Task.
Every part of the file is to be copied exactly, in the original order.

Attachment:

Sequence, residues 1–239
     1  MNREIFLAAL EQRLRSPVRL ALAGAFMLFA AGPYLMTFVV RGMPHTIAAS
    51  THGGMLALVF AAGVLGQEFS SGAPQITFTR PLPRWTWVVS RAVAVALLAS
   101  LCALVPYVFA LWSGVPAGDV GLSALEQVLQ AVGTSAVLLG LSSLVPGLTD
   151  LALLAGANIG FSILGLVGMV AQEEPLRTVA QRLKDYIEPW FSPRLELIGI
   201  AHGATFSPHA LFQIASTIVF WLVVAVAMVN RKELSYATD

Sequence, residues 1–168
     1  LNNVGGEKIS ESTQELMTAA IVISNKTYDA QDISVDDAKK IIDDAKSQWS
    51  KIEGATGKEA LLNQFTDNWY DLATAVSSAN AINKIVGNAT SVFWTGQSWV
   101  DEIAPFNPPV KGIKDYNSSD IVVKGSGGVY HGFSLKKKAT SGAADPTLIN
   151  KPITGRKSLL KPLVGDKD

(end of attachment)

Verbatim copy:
Sequence, residues 1–239
     1  MNREIFLAAL EQRLRSPVRL ALAGAFMLFA AGPYLMTFVV RGMPHTIAAS
    51  THGGMLALVF AAGVLGQEFS SGAPQITFTR PLPRWTWVVS RAVAVALLAS
   101  LCALVPYVFA LWSGVPAGDV GLSALEQVLQ AVGTSAVLLG LSSLVPGLTD
   151  LALLAGANIG FSILGLVGMV AQEEPLRTVA QRLKDYIEPW FSPRLELIGI
   201  AHGATFSPHA LFQIASTIVF WLVVAVAMVN RKELSYATD

Sequence, residues 1–168
     1  LNNVGGEKIS ESTQELMTAA IVISNKTYDA QDISVDDAKK IIDDAKSQWS
    51  KIEGATGKEA LLNQFTDNWY DLATAVSSAN AINKIVGNAT SVFWTGQSWV
   101  DEIAPFNPPV KGIKDYNSSD IVVKGSGGVY HGFSLKKKAT SGAADPTLIN
   151  KPITGRKSLL KPLVGDKD